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ICANN’s Efforts to Increase Available Domain Suffixes Meet Opposition

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Domain names by ivanpw on Flickr

Image by ivanpw on Flickr

Will we soon have domain suffixes beyond the usual suspects like .com, .org, and .biz to choose from? If the Internet Corporation for Assigned Names and Numbers (ICANN) has its way, yes—but right now the House Judiciary’s Intellectual Property, Competition, and the Internet Subcommittee isn’t convinced this is a good direction to pursue.

ICANN is proposing to allow the introduction of perhaps thousands of new suffixes that would be available for registration; the organization claims these would provide more opportunities for creativity and choice among consumers. While at first blush, creativity and choice may seem like good things, the Subcommittee looked at it from a slightly different angle—namely from the perspective of someone registering a new domain name. With the possibility that a new domain name could have thousands of different suffixes attached, a consumer may feel constrained to register a vast number of suffixes in addition to the main one just to protect the other, similar domains from cybersquatters or other attempts to profit from the original domain owner’s trademark.

In one related and particularly bold proposal, ICANN has suggested providing individuals and businesses the opportunity to purchase a “gTLD” (generic top level domain) with their brand after the “dot” such as “.yourbrand.” This proposal brings up interesting questions, including these by Ian Shapira at The Washington Post:

Who gets to run .abortion Web sites – people who support abortion rights or those who don’t? Which individual or mosque can run the .islam or .muhammad sites? Can the Ku Klux Klan own .nazi on free speech grounds, or will a Jewish organization run the domain and permit only educational Web sites – say, remember.nazi or antidefamation.nazi? And who’s going to get .amazon – the Internet retailer or Brazil?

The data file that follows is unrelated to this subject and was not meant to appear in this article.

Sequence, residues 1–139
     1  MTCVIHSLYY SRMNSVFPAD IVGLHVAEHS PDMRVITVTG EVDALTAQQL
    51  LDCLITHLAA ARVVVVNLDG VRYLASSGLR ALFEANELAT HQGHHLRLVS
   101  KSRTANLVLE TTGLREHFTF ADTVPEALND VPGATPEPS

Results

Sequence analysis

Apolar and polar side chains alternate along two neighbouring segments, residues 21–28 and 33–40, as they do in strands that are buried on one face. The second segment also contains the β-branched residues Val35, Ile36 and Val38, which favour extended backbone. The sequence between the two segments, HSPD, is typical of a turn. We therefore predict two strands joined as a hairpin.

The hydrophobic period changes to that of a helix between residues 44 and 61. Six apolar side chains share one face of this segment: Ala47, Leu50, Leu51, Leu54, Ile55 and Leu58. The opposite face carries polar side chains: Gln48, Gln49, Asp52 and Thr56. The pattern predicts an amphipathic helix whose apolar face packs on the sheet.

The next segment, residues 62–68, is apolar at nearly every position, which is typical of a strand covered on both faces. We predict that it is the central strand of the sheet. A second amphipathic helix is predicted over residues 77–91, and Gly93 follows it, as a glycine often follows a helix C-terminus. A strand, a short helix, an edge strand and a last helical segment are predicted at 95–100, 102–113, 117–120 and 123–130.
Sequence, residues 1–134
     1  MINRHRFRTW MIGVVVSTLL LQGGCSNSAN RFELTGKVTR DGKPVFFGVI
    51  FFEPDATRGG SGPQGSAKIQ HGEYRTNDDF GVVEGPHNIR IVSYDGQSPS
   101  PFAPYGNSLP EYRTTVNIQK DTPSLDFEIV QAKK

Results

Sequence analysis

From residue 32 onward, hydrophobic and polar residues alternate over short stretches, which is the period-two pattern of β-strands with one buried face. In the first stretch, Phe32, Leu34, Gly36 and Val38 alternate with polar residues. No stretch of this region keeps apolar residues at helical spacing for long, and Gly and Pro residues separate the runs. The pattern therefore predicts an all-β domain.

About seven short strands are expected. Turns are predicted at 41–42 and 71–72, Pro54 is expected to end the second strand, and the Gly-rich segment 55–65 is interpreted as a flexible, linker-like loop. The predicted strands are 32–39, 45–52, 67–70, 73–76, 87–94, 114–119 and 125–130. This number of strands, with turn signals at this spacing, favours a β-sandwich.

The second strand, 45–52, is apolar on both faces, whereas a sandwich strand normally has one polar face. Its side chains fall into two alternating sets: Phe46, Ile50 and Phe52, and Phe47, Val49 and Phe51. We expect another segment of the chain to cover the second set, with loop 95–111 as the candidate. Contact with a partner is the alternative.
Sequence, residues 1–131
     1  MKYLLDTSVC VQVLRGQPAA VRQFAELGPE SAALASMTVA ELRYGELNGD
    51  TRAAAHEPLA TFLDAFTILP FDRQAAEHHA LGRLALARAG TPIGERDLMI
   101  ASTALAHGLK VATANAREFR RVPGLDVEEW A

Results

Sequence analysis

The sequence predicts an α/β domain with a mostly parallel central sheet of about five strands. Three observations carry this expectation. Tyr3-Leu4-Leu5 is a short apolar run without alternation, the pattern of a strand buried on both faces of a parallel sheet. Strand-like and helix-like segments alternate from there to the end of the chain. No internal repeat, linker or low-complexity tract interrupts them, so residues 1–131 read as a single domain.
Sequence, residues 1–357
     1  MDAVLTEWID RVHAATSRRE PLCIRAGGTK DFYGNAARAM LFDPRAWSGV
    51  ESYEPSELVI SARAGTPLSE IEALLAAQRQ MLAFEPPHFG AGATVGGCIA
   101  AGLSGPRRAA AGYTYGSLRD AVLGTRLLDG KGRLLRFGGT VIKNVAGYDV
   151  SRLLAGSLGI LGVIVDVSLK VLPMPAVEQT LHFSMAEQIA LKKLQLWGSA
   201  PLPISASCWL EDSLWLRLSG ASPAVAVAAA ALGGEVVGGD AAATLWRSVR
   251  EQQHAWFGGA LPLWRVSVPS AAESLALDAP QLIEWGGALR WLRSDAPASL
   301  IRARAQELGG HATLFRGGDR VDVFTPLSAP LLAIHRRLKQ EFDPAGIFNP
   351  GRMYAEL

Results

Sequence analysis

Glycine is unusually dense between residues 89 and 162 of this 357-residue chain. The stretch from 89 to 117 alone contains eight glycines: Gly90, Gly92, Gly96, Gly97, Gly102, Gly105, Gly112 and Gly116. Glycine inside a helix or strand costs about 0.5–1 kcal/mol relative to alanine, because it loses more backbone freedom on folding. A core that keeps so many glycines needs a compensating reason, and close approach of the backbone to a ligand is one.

And the .yourbrand suffix won’t come cheap: to register your own name or brand as the suffix itself would cost $185,000 to apply and an annual renewal fee of $25,000.

Rep. Maxine Waters, D-Calif. wondered out loud who would benefit from all these additional registrations; Subcommittee Chairman Bob Goodlatte, R-Va. and others estimated that ICANN could see tens of millions of dollars in revenue from the program.

At this point, there is clear bipartisan opposition to moving forward with the ICANN proposal despite assurances from Kurt Pritz, senior VP of stakeholder relations at ICANN, that the group is prepared to provide as many safeguards as possible. Still, several Subcommittee members urged holding up the plan until the costs and benefits can be more accurately weighed. At the time of this writing, ICANN has released (lengthy and prolix) draft materials regarding the program, but notably absent is an estimated start date for the program—this is most likely the result of lengthier discussion and more robust debate than previously contemplated by ICANN.  When contacted, ICANN representatives refused to comment on any projected timeframe for the program.

Do you think there should be more suffixes available for domain registration? Would you welcome the choice or dread having to think about all the other domain suffixes out there? Would you be interested in a .yourbrand domain suffix, or is this just a money-grab by ICANN and a disadvantage to all those unwilling or unable to pony up $185,000? Let us know your thoughts!

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May 5th, 2011 at 12:33 pm